The world is far from perfect.
The above statement does not need any justification. Anyone who has drawn breathe (and is old enough to think about having drawn breathe) will acknowledge it as self-evident. How much “imperfection” we are willing to accept is influenced by a number of factors. In this little rant I am going to focus on PROXIMITY and how this factor has become increasingly relevant through the spread of information technology and social media.
Proximity simply means how close something is to you. Generally it is measured in distance and considered as geographical. If leprosy or the Ebola virus is rampant in your town then you are far more likely to be concerned with this specific imperfection in the world than if you live in Alaska. Again, pretty obvious? If terrorists fly a hijacked plane into a building in Omsk in southwestern Siberia then in Australia we may not even see it on the evening news. Do the same thing in New York on 0911 and the impact reverberates forever. Both Omsk and New York are roughly equidistant from Australia’s broad shoreline so you could argue that in terms of proximity they are “equally close”. So why the massive difference in interpretation?
As Australians we regard ourselves as a “Western” culture politically and socially. We are allied to the United States. We see and hear about events in the US constantly. Even if we have never been there, or have no inclination to go there, we are likely to feel proximate (very near) the US because we have been conditioned so. About all I ever learned about Siberia was that they have salt mines … don’t they? Back when a phone looked like this, the only way you could get the result of the weekend round of Rugby League (now NRL) was to ring a special number at the PMG (now Telstra after a million reincarnations in-between) on Sunday evening and listen to a very proper voice announce the score. Nothing more just the score. For example Round 17, 1973 … “St.George versus Cronulla-Sutherland … pause … St.George 15 … pause … Cronulla-Sutherland … pause … 10.” How things have changed. Now I can watch live NBA on my mobile phone travelling at 320km/h on a Shinkansen.
Is it any wonder that a person can now feel “closer” to an event 10,000km away than something happening in the very next street!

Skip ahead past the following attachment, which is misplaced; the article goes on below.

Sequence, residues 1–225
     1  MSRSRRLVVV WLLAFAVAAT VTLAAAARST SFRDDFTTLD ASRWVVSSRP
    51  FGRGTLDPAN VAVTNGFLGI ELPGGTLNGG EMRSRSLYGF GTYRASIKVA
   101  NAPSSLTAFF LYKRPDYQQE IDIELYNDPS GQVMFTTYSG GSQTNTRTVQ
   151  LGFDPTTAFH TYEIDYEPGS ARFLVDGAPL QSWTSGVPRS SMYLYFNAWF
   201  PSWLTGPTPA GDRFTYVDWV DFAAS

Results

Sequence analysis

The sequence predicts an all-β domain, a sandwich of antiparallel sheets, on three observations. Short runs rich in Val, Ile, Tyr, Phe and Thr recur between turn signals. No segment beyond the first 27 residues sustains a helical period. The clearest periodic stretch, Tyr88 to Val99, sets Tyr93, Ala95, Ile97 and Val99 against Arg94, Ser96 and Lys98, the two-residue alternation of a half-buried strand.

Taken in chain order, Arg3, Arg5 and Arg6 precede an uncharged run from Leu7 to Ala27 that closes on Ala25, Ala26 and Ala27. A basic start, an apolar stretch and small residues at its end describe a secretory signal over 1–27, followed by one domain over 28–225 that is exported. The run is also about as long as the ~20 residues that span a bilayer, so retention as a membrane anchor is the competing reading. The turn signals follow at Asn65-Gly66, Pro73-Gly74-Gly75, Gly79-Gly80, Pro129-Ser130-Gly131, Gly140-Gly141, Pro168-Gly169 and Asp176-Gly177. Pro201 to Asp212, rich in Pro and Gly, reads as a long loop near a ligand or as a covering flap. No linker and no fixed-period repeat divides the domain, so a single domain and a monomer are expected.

Back to the title of this post (when I say “back” I recognise that I haven’t even been remotely on topic so far), so I need a decent segue! Our newly appointed Prime Minister, Malcolm Turnbull, was recently quoted as saying, “ISIL have more smartphones than guns, more Twitter accounts than soldiers.” Let’s think about that for a moment … through the eyes of say Derek Zoolander …
Interviewer: The Australian PM has said that, “ISIL have more smartphones than guns, more Twitter accounts than soldiers”. What do you think about that Derek?
Derek: The Malaysian Prime Minister said that? Wow! So that means that like Apple & Googley are responsible for the rise of the Death Cult? Steve Jobs would be pissed!
Communications & technology have ALWAYS been central to warfare. We celebrate the efforts of Pheidippides in 490B.C. when the Olympic Marathon is run every 4 years. Imagine how his life would have changed if instead of running from Marathon to Greece he could’ve just tweeted “Victory” on his i6+ ? Think the enigma machine invented by German Arthur Scherbius and the decoding work of Alan Turing in WWII. The Cold War “Arms Race” between the US & the Soviet Union was an example of a technological dick comparing session of global proportions. During the Gulf war, we the public were introduced to modern warfare on our TV screens (and PC’s for the advanced / fortunates), when detailed images of bombs dropped by fighter aircraft hit their targets in Kuwait & Iraq. The war was in our lounge rooms and suddenly closer than Mrs Smith in Number 17, two doors down … PROXIMITY.
The ‘ko-down’ on ISIS …
We shouldn’t be scared of ISIS. The minute Tony Abbott said we should be, I knew I was safe! There has always been, and will always be, “enemies of the way we live our life”. ISIL are vile and evil. So was Saddam Hussein, Hitler and others before them. Indeed an Iraqi will think the same of Obama … after all aren’t all American Presidents mass murderers? All that has changed is that Daesh is closer to you than any of their predecessors … in fact they might be in your pocket right now!